phalse phace writes: A WSJ investigation appears to have uncovered multiple instances where the African governments in Uganda and Zambia, with the help of Huawei technicians, used Huawei's communications equipment to spy on and censor political opponents and its citizens. From the report, writes phalse phace: Huawei Technologies dominates African markets, where it has sold security tools that governments use for digital surveillance and censorship. But Huawei employees have provided other services, not disclosed publicly. Technicians from the Chinese powerhouse have, in at least two cases, personally helped African governments spy on their political opponents, including intercepting their encrypted communications and social media, and using cell data to track their whereabouts, according to senior security officials working directly with the Huawei employees in these countries. It should be noted that while the findings "show how Huawei employees have used the company's technology and other companies' products to support the domestic spying of those governments," the investigation didn't turn up evidence of spying by or on behalf of Beijing in Africa. Nor did it find that Huawei executives in China knew of, directed or approved the activities described. It also didn't find that there was something particular about the technology in Huawei's network that made such activities possible. Details of the operations, however, offer evidence that Huawei employees played a direct role in government efforts to intercept the private communications of opponents.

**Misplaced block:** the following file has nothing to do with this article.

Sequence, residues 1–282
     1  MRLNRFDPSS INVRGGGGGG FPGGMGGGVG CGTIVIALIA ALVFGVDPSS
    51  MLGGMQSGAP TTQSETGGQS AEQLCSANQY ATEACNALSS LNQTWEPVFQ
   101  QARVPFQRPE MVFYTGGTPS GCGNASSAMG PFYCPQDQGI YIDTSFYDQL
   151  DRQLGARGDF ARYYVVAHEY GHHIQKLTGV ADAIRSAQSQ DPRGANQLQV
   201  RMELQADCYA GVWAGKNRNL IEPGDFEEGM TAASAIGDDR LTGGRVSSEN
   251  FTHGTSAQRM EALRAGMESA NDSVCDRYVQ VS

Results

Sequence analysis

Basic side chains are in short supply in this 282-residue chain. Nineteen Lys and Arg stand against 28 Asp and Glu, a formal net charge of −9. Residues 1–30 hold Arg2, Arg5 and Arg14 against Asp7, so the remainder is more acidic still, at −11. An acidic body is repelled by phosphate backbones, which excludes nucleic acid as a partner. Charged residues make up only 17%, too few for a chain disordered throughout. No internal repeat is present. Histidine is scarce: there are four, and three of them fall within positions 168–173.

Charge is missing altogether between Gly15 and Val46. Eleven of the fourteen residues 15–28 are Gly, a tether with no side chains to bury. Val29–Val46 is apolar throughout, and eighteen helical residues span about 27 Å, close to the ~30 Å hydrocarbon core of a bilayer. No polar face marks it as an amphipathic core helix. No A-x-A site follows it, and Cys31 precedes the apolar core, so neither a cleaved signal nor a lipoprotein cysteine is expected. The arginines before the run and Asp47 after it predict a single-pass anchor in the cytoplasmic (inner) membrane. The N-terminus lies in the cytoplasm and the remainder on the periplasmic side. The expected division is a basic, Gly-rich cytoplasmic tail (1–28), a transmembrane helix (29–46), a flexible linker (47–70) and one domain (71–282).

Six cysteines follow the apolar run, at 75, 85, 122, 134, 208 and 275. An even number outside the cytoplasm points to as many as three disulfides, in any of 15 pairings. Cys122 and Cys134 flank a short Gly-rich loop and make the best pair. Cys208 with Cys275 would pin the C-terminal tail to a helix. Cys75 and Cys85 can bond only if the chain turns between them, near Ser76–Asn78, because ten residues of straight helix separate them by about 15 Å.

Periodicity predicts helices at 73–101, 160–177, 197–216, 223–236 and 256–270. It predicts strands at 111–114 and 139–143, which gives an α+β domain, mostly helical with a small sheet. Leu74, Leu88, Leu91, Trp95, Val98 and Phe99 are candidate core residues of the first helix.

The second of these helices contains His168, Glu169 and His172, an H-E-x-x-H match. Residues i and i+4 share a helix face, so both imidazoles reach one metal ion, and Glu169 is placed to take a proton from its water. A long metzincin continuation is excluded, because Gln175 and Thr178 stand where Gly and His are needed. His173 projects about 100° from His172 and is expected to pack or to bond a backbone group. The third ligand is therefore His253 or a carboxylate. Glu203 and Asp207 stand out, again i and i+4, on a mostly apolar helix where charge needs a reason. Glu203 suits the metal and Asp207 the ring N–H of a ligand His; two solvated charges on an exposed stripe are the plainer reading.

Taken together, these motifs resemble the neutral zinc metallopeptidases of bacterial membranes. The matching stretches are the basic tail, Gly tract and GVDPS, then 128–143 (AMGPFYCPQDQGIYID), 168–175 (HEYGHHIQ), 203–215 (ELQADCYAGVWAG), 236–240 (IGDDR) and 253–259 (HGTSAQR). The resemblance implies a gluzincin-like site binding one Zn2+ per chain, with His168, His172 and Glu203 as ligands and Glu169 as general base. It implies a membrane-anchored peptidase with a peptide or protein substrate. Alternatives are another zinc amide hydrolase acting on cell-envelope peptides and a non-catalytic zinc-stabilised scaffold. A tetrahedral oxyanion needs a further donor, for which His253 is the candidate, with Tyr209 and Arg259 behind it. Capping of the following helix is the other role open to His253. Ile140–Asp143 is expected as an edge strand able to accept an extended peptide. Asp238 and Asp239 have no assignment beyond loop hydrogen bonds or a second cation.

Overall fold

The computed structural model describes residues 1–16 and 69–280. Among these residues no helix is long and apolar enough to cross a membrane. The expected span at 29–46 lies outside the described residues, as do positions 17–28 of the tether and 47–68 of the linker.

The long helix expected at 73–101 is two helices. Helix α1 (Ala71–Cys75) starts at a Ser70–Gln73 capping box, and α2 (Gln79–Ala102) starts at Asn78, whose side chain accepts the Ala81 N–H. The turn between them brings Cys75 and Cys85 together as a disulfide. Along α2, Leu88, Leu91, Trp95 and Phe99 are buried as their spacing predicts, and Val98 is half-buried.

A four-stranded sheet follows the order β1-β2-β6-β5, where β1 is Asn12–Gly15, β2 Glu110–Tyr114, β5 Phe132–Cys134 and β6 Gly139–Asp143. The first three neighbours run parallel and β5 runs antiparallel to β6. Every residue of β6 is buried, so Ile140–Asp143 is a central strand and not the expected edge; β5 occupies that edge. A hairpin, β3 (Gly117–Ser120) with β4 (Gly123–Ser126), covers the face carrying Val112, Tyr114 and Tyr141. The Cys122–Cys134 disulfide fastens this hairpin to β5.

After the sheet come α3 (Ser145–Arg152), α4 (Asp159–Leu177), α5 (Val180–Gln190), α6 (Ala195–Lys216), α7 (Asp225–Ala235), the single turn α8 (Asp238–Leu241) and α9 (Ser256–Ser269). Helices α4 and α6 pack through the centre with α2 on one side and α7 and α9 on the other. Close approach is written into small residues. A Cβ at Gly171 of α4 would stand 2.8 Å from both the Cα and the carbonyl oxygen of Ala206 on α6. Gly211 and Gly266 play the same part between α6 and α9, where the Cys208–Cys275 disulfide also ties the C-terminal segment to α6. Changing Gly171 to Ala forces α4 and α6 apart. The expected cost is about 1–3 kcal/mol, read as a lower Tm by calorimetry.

Cray Is Building a Supercomputer To Manage the US' Nuclear Stockpile

Wed, 08/14/2019 - 05:00